…analyze the clip by watching it three times in different ways…Write up a blog post that includes the embedded clip, and the notes you made in the three views of the scene…
(My clip came from this list on youtube: #33 http://www.youtube.com/playlist?list=PLAE4410DF71EC2BC2)
I LOVE Dexter.
Michael C. Hall couldn’t be more creepy, or adorable…in a creepy kinda weird way, as Dexter a serial killer with only the best motives. (errr?.)
The analyzing begins.
1. Analyze the camera work. Before watching the first time, slide the volume on the clip (or on your computer) all the way down. Take notes on the visual aspects of the clip. Look for camera angles, cuts, how many times the camera switches view, the quality of light. Look for the ways the camera tells, guides the story.
Okay, so I counted 57 camera cuts and angles. Some of the bits are a few seconds long, while others just seem to flash, maybe half a second or so. The emphasis the camera puts on some aspects of the scene happen thru depth, focus, and simply the amount of time spent on a subject. The colors are dark and saturated. Even colors like the yellow in the egg, it is deepened, gritty even. Just looking at the scene, I don’t think of anything really bad or creepy, I just think UGH. Tough morning. Something that turns THAT on it’s head a bit for me is watching Dexter walk away from his apartment. The colors are MUCH brighter, lighter, and cleaner.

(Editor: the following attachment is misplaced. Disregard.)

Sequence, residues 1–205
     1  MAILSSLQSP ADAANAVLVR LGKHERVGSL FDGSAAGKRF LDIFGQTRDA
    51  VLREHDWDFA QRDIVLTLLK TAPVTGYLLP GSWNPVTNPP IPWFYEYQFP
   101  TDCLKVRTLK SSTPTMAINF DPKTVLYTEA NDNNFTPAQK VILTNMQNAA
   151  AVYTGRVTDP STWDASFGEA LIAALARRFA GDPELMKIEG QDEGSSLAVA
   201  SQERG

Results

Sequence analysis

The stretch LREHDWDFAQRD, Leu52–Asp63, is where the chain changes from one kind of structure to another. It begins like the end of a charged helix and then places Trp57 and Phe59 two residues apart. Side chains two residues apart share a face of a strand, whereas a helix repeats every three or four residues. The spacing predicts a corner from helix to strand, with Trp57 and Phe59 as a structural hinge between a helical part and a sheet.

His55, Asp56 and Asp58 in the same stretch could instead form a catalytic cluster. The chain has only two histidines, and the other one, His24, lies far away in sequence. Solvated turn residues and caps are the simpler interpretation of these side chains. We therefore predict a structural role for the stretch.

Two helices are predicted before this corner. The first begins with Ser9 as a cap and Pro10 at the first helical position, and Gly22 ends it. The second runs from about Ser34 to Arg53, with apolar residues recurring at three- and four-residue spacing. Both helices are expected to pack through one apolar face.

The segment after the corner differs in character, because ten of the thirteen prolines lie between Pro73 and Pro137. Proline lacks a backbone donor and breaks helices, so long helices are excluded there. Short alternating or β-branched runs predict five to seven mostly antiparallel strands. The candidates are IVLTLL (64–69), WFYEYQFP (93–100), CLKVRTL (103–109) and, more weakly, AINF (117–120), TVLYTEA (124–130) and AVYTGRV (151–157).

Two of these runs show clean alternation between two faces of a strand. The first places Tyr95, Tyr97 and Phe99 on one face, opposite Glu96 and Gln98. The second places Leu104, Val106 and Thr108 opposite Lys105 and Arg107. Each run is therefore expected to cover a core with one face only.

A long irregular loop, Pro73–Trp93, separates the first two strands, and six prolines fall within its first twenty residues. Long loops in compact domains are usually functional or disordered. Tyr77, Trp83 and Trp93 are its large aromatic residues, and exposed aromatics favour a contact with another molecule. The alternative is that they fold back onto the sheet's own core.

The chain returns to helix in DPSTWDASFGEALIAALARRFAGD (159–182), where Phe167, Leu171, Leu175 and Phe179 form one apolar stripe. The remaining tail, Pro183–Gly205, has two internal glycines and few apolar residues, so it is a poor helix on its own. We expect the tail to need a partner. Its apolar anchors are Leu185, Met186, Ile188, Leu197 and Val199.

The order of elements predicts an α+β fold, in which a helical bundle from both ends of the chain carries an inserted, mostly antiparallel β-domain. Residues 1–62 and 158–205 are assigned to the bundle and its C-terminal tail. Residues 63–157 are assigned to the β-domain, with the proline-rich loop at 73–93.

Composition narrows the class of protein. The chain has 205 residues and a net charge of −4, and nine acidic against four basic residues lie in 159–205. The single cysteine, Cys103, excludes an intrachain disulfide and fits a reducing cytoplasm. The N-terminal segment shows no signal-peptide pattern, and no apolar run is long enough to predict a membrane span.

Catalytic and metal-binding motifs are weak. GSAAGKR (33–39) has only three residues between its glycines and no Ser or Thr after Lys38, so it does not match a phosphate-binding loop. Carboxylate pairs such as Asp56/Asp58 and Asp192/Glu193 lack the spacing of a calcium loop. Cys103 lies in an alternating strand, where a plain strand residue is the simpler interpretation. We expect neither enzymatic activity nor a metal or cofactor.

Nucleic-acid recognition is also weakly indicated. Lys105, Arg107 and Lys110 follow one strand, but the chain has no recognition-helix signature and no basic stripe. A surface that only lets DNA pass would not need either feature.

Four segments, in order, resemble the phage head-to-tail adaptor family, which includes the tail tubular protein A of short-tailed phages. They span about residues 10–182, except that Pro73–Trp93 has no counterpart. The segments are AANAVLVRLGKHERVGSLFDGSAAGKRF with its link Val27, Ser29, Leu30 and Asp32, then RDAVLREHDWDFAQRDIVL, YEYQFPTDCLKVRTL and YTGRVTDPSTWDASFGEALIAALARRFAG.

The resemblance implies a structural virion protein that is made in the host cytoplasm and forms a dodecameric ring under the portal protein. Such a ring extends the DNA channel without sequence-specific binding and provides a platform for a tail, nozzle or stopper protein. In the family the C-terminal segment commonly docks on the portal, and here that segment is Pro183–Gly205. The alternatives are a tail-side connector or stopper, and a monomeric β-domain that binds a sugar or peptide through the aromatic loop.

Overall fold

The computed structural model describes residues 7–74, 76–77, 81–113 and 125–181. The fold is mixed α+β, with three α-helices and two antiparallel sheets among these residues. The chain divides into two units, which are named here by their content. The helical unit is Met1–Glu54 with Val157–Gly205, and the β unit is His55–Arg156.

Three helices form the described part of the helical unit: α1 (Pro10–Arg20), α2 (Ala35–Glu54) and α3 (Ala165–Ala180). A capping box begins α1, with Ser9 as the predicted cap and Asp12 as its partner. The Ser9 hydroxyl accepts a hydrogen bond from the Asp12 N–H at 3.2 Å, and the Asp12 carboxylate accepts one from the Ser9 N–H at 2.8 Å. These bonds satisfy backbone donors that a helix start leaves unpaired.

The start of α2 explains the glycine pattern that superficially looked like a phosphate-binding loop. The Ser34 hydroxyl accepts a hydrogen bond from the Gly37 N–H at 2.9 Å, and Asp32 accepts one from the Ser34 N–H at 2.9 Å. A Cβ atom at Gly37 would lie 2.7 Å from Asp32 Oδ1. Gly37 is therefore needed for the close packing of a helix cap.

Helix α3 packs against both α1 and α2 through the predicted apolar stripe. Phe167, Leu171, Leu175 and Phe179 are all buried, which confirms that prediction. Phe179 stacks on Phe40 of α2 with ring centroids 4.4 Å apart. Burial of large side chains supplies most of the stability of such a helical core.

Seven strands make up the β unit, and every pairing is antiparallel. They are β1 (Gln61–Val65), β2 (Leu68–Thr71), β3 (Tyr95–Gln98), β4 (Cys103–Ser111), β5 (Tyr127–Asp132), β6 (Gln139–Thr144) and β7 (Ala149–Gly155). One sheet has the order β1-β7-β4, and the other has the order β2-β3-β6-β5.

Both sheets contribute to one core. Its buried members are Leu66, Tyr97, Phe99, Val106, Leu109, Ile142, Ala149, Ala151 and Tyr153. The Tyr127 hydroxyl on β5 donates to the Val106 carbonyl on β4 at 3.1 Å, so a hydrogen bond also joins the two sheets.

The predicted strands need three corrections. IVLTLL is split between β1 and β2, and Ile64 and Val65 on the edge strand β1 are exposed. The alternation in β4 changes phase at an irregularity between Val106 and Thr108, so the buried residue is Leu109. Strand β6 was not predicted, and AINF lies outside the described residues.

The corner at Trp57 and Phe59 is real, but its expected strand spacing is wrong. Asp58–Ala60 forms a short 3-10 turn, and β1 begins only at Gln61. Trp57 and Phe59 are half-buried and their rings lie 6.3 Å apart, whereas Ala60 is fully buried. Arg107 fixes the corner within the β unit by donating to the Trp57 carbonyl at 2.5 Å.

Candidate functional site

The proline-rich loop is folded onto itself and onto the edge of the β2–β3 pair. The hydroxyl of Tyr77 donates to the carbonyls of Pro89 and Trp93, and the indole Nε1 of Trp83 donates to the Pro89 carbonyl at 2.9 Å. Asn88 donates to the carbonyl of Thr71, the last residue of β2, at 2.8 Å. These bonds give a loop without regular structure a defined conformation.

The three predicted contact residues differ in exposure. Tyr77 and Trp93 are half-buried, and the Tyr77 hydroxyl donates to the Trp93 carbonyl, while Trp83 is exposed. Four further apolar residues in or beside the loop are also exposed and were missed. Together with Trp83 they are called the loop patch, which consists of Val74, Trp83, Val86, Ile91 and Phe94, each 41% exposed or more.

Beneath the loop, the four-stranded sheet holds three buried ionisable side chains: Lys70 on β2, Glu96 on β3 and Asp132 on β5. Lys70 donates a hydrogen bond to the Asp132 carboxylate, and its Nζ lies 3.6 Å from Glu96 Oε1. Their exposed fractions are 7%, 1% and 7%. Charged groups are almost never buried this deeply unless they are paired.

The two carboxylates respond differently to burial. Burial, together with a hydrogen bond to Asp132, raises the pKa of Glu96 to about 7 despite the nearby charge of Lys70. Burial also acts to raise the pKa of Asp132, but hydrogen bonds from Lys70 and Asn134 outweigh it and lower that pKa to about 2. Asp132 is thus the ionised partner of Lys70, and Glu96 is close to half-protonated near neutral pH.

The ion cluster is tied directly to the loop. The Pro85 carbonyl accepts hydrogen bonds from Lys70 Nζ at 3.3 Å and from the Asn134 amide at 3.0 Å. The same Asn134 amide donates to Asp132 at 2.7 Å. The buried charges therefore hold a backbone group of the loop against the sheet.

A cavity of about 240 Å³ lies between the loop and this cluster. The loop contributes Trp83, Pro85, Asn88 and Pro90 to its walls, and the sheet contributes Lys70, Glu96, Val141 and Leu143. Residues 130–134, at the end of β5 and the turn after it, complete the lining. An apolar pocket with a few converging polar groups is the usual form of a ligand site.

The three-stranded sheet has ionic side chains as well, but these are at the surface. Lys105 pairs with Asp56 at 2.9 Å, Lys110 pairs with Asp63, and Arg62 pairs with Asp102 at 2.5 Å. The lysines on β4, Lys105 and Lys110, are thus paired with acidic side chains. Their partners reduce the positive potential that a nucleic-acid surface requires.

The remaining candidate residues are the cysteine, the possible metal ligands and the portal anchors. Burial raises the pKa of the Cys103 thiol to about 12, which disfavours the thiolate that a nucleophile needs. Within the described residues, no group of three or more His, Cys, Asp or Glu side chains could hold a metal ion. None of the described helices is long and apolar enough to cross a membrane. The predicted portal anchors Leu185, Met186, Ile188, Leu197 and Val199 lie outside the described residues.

2. Analyze the audio track. Now turn the volume up, but play it without looking at the screen; just tune into the audio. Take notes on the pacing of the dialogue, the spaces in the the audio, the use of music or sound effects (think back to our work earlier on listening to audio).
Listening to the audio without the visual is a completely different experience! The music almost, dare I say it, has pop overtones to it. There is a dark sound that creeps in here and there, but nothing that is really alarming in any real way. The sounds of cutting, frying, tying, and pressing are regular morning sounds, not alarming or unnerving when you just listen to it.
3. Put it all together. Finally, watch the scene as normal. Pay attention to something you may have missed the first time or how the elements you saw in the first two steps work together.
First let me admit that most of the time when I watch a show it is on the DVR, so we skip through the opening sequence. Not with Dexter. It is strange in a way, I am almost unable to take my eyes off the whole thing. At first I didn’t think much of it and then one day I noticed the part where Dexter is pulling his white shirt over his head. It hit me all of a sudden…HE IS A CREEPY SERIAL KILLER!!
Then the next few times and up until today– I watch that scene carefully. Each of the techniques, implements, and bits in the scene are reminiscent of what he “does”. BUT! These aren’t instantly apparent, but are revealed subtly through camera, color, sound, and the music. The images without the music, and the music without the images aren’t nearly as effective as the two together.
THE WHOLE IS GREATER THAN THE SUM OF ITS PARTS.